The architect and her all-female team celebrated for shifting perspectives

Award-winning architect Anne Hindley took a leap and launched her own firm, proving a critical step into the world of business

Melbourne’s Anne Hindley has forged an enviable reputation in the world of architecture, creating interiors that amplify the sensory experience and create spaces that connect you to life, nature, and art.

Anne heads up renowned firm Hindley & Co, which specialises in mid-century architecture, heritage overlay renovations, modernist and contemporary design, and new minimalism.

Quite simply, she has the ability to bring inside and out together with views, landscaping, and flow, a key component of the overall design.

Anne leads an award-winning team, which has made its distinctive mark on a number of homes both in Melbourne and other parts of the country. The team has an uncanny ability to bring inside and out together with views, landscaping, and flow, a key component of the overall design.

The team is unique in its architectural design approach. They view each project as an entire while, looking not just at the building, but the interior design, from finishes through to furniture design and selection to ensure the final outcome meets the brief.

“Our team delivers a holistic approach, creating remarkable outcomes by pushing boundaries while maintaining warmth, understanding, and sensitivity for our clients,” she says.

How it began

Anne had always wanted to be an architect, and upon graduating architecture from Melbourne’s RMIT University, she received a grant to go to New York for an internship with a high-profile architecture firm Smith Miller & Hawkinson, where she worked alongside some of the most acclaimed in the business on the design team for the award-winning Corning Museum of Glass.

“It was an incredible period of my career because I was working with people in the industry I had long admired,” she says.

Next, Anne went to London to work on some high-end residential projects. One such project took her to Singapore to oversee the work on an $8 million housing project with a Balinese feel, with stone and timber finishes throughout.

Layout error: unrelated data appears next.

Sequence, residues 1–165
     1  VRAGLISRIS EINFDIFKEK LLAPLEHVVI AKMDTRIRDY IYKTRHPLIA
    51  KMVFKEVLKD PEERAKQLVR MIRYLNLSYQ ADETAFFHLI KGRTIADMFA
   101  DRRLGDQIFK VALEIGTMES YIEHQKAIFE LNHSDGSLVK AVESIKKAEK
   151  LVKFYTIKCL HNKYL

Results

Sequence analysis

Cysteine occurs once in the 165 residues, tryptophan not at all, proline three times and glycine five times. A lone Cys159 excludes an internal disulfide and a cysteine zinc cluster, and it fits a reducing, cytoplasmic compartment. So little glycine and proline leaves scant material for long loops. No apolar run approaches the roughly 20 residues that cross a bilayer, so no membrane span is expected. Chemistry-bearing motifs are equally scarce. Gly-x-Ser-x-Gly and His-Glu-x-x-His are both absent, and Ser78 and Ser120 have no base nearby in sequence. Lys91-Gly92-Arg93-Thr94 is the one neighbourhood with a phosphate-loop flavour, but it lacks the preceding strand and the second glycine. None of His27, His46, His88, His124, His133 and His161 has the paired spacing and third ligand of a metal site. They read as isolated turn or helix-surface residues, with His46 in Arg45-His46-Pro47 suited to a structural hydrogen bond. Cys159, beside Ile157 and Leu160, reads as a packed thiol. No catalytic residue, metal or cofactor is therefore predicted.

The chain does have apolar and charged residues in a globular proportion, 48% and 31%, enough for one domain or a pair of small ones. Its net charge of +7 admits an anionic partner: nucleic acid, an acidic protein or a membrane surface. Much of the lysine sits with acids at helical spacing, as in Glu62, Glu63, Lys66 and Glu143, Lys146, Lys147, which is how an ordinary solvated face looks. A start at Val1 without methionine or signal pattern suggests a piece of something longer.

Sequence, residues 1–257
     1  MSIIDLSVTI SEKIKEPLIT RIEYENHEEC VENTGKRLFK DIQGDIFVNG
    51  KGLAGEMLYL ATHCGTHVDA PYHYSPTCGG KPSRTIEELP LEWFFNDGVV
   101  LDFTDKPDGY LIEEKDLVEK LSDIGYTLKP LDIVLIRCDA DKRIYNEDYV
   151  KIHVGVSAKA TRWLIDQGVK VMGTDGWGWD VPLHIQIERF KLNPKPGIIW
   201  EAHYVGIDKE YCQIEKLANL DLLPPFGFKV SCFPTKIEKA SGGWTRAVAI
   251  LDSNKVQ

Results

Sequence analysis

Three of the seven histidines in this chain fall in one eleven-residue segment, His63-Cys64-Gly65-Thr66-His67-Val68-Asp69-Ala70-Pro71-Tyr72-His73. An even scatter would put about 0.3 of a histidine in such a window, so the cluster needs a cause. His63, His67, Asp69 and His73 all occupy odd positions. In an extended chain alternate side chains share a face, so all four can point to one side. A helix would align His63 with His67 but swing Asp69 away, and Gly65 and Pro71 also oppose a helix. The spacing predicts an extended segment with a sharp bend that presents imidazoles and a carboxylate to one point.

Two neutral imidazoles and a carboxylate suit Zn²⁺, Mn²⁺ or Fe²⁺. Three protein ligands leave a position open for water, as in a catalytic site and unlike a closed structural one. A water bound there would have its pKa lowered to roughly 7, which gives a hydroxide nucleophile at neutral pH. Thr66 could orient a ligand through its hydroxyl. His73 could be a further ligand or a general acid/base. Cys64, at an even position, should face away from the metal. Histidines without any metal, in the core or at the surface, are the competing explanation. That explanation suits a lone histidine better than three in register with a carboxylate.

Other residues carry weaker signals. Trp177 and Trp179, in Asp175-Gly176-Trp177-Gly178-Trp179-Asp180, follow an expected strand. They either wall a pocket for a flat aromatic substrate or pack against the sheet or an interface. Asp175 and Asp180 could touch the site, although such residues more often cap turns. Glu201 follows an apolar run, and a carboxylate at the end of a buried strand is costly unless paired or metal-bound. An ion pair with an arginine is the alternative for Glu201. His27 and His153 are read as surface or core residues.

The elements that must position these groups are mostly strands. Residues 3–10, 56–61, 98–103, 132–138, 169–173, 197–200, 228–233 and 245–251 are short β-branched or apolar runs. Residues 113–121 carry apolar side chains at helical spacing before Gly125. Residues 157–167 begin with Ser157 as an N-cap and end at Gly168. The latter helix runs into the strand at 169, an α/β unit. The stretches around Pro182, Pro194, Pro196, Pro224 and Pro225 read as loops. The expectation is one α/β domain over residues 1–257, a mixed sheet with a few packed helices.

The project lasted at least two years. When it was safely delivered, Anne decided it was a great time to spend some time living in France, where she freelanced as an architect and practiced her French language before starting a project with a local council and working on some intriguing residential projects.

Eventually, she returned to Melbourne, determined to utilise her overseas experience and consolidate her learnings. She began working with one of her architectural heroes, Allan Powell, lauded within the architecture community for his award-winning projects such as the $7 million RMIT Bundoora West Lecture Theatre and the heritage-listed Anchorage Clifftop House in Sorrento, among other stunning residential projects.

Anne worked in Allan’s architecture firm for the next six years on a range of residential projects that have made their mark on Melbourne’s built environment.

A decade ago, Anne made the decision to go out on her own and start her own architectural design firm. “Allan and the firm were incredibly supportive of this endeavour, and we continue to have a great relationship,” she says.

One job lead to another and over time, Anne started was making a name for herself as an independent architect not just in her home state of Melbourne, but across the country. “Other clients see your work and the business grew over time. One job leads to another and so on,” she says.

Hindley & Co works on a broad range of projects, from high-end residential projects that integrate interiors, architecture, and gardens. “We work hard to make sure the relationship between these areas is fairly seamless,” she says.